NEHA October 2022 Journal of Environmental Health

12 Volume 85 • Number 3 A D VANC EME N T O F T H E SCIENCE finding proves that the “0” observed number of all children with BLLs of 5–9 µg/dL in the targeted county (Table 1) is acceptable according to our model. The same findings holds true for the Central region, where the probabilities are highest (0.256, 0.270, 0.189) for a relatively smaller number (1, 2, and 3, respectively) of all children <6 years with BLLs of 5–9 µg/dL in the targeted county. The probabilities are, however, highest for a slightly larger number (9, 10, and 11) of all children <6 years with BLLs of 5–9 µg/dL in the targeted county in the East region. For the South and West regions, the highest probabilities are not reached within a number of 15 for all children <6 years with BLLs of 5–9 µg/dL in the targeted county, indicating the number of children should be higher (Table 4). Clearly, an observed number of 14 for all children <6 years with BLLs of 5–9 µg/dL in the targeted county in the West region (Table 7) is not acceptable because its 95% credible interval based on our model is [30.7, 65.3]. The same trend is observed for estimated probabilities for White and non-White children as shown in Tables 5 and 6. Table 7 shows the observed number of children <6 years with BLLs of 5–9 µg/dL in the targeted county, along with their estimated number and their 95% credible interval based on simulation. It is important to note from Table 7 that in only two regions—North and Central—the estimated numbers of children <6 years with BLLs of 5–9 µg/dL in the targeted county concurred with the observed values, which is true for all, White, and nonWhite children. Figure 1 shows the estimated probability distribution for all children <6 years with BLLs of 5–9 µg/dL in the targeted county in the West and Central regions. The distribution in the West region, where the observed value of those children was not acceptable according to the model, is markedly di˜erent from the distribution in the Central region, where the model supported the observed value. The estimated probability is shown to be highest around 40 in the West region, indicating that the number of all children ages <6 years with BLLs of 5–9 µg/dL in the targeted county should be much higher than the observed value of 14, which is not acceptable. In the Central region, however, the estimated probability is shown to be Predictive Density for All Children <6 Years With Blood Lead Levels of 5–9 µg/dL in the Targeted County by Region in Georgia, 2015 # of Children Probability by Region North East South West Central 0 0.036 0 0 0 0.121 1 0.116 0 0 0 0.256 2 0.190 0.001 0 0 0.270 3 0.212 0.005 0 0 0.189 4 0.181 0.012 0 0 0.100 5 0.125 0.025 0 0 0.042 6 0.074 0.044 0 0 0.015 7 0.038 0.066 0 0 0.005 8 0.017 0.088 0 0 0.001 9 0.007 0.106 0 0 0 10 0.003 0.115 0 0 0 11 0.001 0.114 0 0 0 12 0 0.105 0 0 0 13 0 0.090 0 0 0 14 0 0.072 0.001 0 0 15 0 0.054 0.002 0 0 TABLE 4 Predictive Density for White Children <6 Years With Blood Lead Levels of 5–9 µg/dL in the Targeted County by Region in Georgia, 2015 # of Children Probability by Region North East South West Central 0 0.175 0.002 0 0 0.436 1 0.295 0.011 0 0.001 0.361 2 0.259 0.031 0 0.004 0.150 3 0.156 0.064 0.002 0.011 0.042 4 0.073 0.010 0.005 0.025 0.009 5 0.028 0.128 0.010 0.045 0.002 6 0.009 0.140 0.019 0.069 0 7 0.003 0.135 0.032 0.092 0 8 0.001 0.117 0.048 0.109 0 9 0 0.093 0.064 0.118 0 10 0 0.067 0.079 0.115 0 11 0 0.045 0.090 0.105 0 12 0 0.029 0.096 0.088 0 13 0 0.017 0.096 0.070 0 14 0 0.010 0.091 0.052 0 15 0 0.005 0.082 0.036 0 TABLE 5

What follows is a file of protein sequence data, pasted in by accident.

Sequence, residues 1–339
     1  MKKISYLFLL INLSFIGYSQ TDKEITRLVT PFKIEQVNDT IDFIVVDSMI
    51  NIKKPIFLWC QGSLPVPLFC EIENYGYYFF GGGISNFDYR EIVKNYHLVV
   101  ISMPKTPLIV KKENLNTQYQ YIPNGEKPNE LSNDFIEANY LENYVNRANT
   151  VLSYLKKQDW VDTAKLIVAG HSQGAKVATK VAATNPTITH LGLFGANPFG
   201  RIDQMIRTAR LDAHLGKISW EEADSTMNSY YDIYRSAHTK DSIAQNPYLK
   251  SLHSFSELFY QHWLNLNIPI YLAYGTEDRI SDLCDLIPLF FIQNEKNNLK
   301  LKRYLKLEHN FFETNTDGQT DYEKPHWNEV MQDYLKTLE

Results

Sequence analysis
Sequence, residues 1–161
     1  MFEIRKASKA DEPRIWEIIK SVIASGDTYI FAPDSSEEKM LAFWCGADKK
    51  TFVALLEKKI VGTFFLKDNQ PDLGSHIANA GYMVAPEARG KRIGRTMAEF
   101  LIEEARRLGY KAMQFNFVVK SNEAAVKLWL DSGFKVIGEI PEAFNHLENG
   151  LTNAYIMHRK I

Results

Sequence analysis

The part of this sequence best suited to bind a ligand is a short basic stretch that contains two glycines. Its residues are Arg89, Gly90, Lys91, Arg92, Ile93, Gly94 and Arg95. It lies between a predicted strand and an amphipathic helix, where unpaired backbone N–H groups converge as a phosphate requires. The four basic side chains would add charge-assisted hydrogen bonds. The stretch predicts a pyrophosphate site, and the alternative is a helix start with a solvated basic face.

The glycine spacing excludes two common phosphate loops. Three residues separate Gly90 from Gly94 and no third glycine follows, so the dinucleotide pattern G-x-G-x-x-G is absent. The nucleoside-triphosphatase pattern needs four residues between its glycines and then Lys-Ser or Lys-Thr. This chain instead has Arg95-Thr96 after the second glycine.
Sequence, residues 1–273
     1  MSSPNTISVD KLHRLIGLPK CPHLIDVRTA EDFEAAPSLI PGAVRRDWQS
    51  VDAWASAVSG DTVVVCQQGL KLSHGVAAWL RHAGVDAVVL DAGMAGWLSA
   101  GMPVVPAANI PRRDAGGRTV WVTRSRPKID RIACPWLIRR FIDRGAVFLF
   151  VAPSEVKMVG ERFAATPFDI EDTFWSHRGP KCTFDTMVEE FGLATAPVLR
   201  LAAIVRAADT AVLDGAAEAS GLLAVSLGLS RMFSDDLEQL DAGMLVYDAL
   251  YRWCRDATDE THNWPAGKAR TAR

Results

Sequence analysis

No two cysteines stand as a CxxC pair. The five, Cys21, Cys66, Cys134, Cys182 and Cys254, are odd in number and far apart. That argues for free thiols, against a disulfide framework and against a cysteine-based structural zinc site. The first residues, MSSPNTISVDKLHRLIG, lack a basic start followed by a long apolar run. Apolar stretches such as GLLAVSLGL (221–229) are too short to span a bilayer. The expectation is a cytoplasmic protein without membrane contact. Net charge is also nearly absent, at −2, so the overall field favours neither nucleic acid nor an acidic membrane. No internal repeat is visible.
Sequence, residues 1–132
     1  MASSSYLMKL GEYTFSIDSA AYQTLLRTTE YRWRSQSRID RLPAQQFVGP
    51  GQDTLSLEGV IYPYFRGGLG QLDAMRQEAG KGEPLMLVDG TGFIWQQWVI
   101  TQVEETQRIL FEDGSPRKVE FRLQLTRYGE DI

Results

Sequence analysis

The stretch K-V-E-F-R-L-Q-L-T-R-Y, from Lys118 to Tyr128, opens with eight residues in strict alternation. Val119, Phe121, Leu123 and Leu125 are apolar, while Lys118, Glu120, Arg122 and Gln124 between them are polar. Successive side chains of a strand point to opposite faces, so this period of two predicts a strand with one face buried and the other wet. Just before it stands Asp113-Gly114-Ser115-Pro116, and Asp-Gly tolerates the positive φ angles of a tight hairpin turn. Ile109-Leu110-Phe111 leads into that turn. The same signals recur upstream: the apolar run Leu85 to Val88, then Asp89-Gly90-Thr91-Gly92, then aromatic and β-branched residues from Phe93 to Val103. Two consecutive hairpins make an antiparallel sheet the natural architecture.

RkJQdWJsaXNoZXIy NTU5MTM=